Alba Gonzalez is from Spain and is our newest Role Model. Alba also spoke this month, at the ENIL Roundtable on Personal Assistance held in the European Parliament on the 18th November 2014. At this event she spoke about her experience of living and working in a different member state. In this interview, she tells us how her educational choices impacted upon her employment opportunities and how she came to take a position in Brussels.
Hi Alba, could you please tell us a little about yourself?
I am Alba Gonzalez and I am twenty six years old. I am from Madrid, Spain. When I was sixteen, I knew that I wanted to study Arabic Philology, although my teachers, friends and family advised me to study something more “practical for my future”. I did it because I like languages, I wanted to learn something different and I also wanted to have a more critical view about Islamism. Once I finished my degree, I realized my future was very unclear, so I took a year to make a decision and in the meanwhile, I learnt French. After that year, I came back to my Arab studies, and I did a Master in Arabic and Islamic contemporary studies. Now, I work as EU Policy Officer of CBM in Brussels.
What is your personal experience of disability?
I am a wheelchair user, although I could walk until I was 11 years old. However, my way of walking was very different, and that always scared people except me. I do believe that disability only exists because people do not understand that it is part of human diversity. I have never been afraid of my disability, it is part of who I am, but I am afraid of the lack of knowledge, the fears of people regarding disability.
When did you first start your engagement with disability issues and why?
I was in class, and we were talking about the impact of the “Arab spring” on the rights of homosexual people. Suddenly, I started to wonder about the rights of persons with disabilities in the Arab countries, and I was offered to be part of a project led by the European Disability Forum and the Arab Organisation of Persons with Disabilities. The difficult part was to move from Spain to Brussels, considering the strong support that I need of personal assistance and the lack of disability rights when you move to another country. However, I will always be grateful for that opportunity.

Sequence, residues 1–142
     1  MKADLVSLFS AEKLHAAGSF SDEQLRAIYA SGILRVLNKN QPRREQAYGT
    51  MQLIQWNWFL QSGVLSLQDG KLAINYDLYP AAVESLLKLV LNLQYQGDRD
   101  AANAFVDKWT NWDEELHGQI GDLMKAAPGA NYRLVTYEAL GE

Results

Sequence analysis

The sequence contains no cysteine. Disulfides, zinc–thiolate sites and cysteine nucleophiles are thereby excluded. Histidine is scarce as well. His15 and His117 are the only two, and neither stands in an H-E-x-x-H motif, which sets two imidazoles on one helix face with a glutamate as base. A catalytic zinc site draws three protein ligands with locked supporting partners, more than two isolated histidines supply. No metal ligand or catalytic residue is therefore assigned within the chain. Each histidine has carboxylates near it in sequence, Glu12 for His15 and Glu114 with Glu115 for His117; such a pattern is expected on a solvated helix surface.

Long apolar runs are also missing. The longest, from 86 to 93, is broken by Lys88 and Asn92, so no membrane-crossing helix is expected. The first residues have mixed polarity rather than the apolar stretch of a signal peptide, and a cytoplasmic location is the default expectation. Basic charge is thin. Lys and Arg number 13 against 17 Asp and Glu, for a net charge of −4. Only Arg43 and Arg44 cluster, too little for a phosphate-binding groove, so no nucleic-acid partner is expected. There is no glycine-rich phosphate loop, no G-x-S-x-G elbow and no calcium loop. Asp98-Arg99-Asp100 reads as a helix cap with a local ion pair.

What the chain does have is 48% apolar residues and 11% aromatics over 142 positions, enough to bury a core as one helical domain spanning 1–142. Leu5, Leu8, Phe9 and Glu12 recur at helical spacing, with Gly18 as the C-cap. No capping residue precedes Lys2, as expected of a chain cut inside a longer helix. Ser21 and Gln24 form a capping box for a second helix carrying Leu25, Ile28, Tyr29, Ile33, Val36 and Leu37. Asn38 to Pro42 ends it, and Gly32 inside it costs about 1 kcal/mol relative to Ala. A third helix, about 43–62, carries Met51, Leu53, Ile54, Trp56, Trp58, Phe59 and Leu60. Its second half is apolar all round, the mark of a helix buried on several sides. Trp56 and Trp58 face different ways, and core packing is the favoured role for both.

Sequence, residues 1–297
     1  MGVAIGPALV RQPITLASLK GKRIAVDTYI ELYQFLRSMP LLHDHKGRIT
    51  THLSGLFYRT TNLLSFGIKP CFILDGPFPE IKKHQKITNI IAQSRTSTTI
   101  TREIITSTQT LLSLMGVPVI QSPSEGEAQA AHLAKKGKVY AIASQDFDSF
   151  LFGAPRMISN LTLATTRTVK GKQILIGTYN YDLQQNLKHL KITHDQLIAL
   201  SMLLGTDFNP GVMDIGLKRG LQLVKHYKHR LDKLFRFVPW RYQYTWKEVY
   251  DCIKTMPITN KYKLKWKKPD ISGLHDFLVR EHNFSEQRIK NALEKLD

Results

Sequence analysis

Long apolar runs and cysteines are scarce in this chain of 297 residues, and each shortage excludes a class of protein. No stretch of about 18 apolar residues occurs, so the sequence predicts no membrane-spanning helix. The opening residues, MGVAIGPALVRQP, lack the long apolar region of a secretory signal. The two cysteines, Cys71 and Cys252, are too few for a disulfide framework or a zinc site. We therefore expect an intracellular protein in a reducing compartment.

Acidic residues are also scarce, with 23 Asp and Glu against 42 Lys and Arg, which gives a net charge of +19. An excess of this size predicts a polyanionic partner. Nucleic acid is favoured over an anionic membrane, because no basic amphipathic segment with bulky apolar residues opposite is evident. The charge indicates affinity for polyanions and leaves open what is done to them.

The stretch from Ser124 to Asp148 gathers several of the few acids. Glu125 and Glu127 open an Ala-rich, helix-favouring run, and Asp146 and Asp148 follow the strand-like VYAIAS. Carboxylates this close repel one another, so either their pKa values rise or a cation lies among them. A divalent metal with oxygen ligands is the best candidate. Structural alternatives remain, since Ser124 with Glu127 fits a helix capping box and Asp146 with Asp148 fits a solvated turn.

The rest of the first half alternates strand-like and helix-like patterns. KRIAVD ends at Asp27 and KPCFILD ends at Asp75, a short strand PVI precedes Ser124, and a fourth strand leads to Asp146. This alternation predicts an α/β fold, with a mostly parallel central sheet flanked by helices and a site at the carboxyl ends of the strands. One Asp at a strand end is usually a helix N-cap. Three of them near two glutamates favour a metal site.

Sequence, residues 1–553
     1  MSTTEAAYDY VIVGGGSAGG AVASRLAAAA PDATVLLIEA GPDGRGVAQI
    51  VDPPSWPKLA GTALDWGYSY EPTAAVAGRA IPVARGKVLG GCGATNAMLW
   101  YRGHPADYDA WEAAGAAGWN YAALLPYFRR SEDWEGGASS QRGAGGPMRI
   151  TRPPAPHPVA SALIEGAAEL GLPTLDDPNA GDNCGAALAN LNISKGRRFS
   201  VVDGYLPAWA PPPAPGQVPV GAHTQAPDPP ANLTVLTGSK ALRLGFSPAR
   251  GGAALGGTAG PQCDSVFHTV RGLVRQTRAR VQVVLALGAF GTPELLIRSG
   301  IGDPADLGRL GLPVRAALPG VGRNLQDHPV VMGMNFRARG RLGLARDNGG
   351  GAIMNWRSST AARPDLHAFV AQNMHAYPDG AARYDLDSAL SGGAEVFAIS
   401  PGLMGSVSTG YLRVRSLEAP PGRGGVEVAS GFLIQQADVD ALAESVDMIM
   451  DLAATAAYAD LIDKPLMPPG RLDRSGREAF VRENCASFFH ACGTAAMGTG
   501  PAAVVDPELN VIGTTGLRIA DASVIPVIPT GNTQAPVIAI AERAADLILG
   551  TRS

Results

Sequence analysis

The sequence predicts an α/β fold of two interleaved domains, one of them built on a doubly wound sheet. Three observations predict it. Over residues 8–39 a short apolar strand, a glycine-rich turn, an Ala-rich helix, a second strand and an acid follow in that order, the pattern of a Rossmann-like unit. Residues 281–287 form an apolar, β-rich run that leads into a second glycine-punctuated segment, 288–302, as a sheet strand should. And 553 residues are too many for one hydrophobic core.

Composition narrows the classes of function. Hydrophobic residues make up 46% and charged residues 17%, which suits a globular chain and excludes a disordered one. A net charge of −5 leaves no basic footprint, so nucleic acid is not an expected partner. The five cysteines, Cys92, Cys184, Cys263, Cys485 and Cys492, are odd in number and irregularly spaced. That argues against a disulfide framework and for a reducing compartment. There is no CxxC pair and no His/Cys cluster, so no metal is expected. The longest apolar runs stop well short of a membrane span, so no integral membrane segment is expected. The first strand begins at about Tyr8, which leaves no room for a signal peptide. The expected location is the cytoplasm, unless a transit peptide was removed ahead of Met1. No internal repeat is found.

Who has influenced you the most, and how?
I try to learn from every experience of my life, especially from the bad ones, because I think they make you stronger. My mother has always repeated me the importance of education, and that is why I am here. My friends have shown me that there are no limits, just those I build for myself. I do not know if someone has especially influenced me, what I know is that some people have so much to teach, I only take advantage of them letting me learn, the good and the bad things.
Is it difficult for you to find a new job?
It is difficult to start in the labour market, very difficult. Persons with disabilities have to face a double barrier: we have to demonstrate our value as workers, and as persons with disabilities. It is a double discrimination, a triple one if you are woman. Once I had my first contract, I started to be more confident of my future, and the fact that I am working within the disability movement makes things easier. I am sure that it would not be so easy if I apply for a mainstream job position.
Describe your present employment and even your past employment experience?
I am EU Policy Officer of CBM, where I can learn about disability policies, where I feel I am part of a team. Here I have the possibility of working with the European institutions, and although it is not enough, I can go to bed with the feeling that I am working for improving this crazy world.
My previous period was focused on the implementation of a project in six Arab countries. Since I started my degree, I wanted to go to this region, but it was difficult due to the accessibility, and finally I could do it. I started to believe in myself as a worker, I grew both professionally and personally.
Of which achievement from employment are you most proud?
I supported the organisation of an international conference in Turkey, with persons with all types of disabilities. As with Murphy’s law, everything went wrong! We had to deal with a lot of issues in relation to accessibility and available information. I am proud because I survived successfully, so I am prepared for the next challenge.
What is your vision for the labour market for disabled persons in your country at present and for the future?
When I was in the high school, a teacher of mine said to me that I should not study. I should work selling lottery tickets, and forget about the rest. Sadly, this is the future of many persons with disabilities in Spain. We have no opportunities. The Governments does not invest in us and they have reduced the economic and social support for persons with disabilities dramatically. I know that if I go back to Spain, I would never have the same opportunities I am having in Brussels.
What advice would you give to young disabled persons?
Look at what you have already done, and do not give up. We all have to fight against circumstances, you can change your circumstances into your allies.